By integrating each other's apps, both companies are capitalizing on their shared "mutual customers." It also brings Workday a step closer to Oracle, which already has a nine-year cloud pact with Salesforce.
Business software giant Salesforce.com and cloud applications firm Workday announced on Wednesday the forging of a strategic alliance that will see both firms integrate their products with one another.
The deal will see Salesforce standardize on Workday's applications and vice versa. In practical terms, Salesforce will use Workday as part of its applications and platform, while allowing Workday customers to use Salesforce Chatter for enterprise collaboration.
Also, according to the companies, Workday will build new Salesforce connectors for its financial management and big data analytics products. In doing so, Force.com users will then be able to build applications from data stored in Workday's applications. Meanwhile, Chatter users will receive updates directly from Workday, increasing collaboration hooks and data sharing.
Salesforce chief executive Marc Benioff hailed it as a "great day for the cloud," describing the need for both firms to "unite our clouds."
In added prepared remarks, Workday co-chief executive Aneel Bhusri said his firm had enjoyed a "long-standing relationship" with Salesforce and the integration of each other's products is, "another exciting step forward driven by our mutual customers."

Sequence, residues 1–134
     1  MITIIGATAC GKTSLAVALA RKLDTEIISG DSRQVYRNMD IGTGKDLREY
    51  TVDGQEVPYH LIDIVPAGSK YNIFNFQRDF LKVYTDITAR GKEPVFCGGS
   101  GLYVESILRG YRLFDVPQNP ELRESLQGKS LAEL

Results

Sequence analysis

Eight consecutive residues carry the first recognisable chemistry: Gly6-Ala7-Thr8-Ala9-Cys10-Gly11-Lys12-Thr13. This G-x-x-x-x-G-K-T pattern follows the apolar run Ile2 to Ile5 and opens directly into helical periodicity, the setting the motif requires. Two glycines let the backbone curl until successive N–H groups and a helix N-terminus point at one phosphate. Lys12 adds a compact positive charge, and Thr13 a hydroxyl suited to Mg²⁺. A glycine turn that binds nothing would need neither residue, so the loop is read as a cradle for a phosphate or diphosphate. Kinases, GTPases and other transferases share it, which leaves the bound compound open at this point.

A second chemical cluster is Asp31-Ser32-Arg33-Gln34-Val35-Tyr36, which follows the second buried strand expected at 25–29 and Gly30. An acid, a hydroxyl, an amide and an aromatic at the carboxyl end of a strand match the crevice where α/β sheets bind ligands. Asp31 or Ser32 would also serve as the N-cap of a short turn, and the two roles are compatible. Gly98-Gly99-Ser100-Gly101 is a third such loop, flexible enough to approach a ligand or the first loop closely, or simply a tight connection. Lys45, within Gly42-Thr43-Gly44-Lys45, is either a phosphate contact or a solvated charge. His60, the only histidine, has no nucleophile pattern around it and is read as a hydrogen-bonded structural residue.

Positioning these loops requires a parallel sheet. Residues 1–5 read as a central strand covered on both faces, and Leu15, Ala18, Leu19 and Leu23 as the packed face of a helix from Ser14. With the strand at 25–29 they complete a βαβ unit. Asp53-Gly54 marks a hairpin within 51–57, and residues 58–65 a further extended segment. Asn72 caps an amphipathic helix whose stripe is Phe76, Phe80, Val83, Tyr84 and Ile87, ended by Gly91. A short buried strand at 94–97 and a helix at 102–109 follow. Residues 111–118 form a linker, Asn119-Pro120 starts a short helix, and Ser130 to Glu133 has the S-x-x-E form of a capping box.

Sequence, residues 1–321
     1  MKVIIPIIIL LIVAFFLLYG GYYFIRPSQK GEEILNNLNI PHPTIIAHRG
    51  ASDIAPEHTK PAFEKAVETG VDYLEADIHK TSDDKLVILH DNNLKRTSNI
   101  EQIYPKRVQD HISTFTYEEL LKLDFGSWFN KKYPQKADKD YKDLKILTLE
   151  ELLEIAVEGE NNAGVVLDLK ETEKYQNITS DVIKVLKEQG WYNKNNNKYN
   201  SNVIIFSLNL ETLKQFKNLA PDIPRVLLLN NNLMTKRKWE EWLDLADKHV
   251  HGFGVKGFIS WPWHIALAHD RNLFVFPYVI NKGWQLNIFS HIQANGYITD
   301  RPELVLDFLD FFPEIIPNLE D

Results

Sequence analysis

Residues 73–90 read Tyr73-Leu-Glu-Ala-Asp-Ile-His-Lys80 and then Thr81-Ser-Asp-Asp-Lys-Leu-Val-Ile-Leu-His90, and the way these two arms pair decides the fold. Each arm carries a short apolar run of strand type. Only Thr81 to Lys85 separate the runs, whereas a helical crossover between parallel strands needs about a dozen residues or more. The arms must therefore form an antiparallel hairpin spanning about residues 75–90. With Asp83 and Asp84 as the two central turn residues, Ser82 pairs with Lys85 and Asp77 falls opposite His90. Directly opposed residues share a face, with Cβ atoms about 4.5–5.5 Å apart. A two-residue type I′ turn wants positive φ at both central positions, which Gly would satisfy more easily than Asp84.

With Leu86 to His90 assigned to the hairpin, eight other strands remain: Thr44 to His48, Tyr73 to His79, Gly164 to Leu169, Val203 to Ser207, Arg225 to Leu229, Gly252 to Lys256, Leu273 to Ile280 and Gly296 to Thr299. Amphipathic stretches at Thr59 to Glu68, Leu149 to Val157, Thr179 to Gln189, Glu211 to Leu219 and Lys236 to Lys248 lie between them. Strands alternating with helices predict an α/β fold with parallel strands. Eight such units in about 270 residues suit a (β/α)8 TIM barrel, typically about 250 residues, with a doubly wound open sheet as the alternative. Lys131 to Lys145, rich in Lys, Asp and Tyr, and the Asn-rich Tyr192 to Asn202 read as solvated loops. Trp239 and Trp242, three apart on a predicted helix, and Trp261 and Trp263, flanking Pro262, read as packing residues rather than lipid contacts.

"By deepening our partnership, we continue to make it easy for enterprises around the world to leverage the cloud to transform their businesses with the proven combination of salesforce.com and Workday," Bhusri added.
It comes just a few months after chief executives from Oracle and Salesforce announced a new cloud deal, setting aside their differences after years of bickering. The nine-year agreement will also see a level of data sharing and product integration between the two cloud giants.
The deal was a shocker at the time, considering the long war of words between the two company leaders. In spite of this, Oracle chief executive Larry Ellison said the move will help enterprise customers to "expect application integrations to work right out of the box."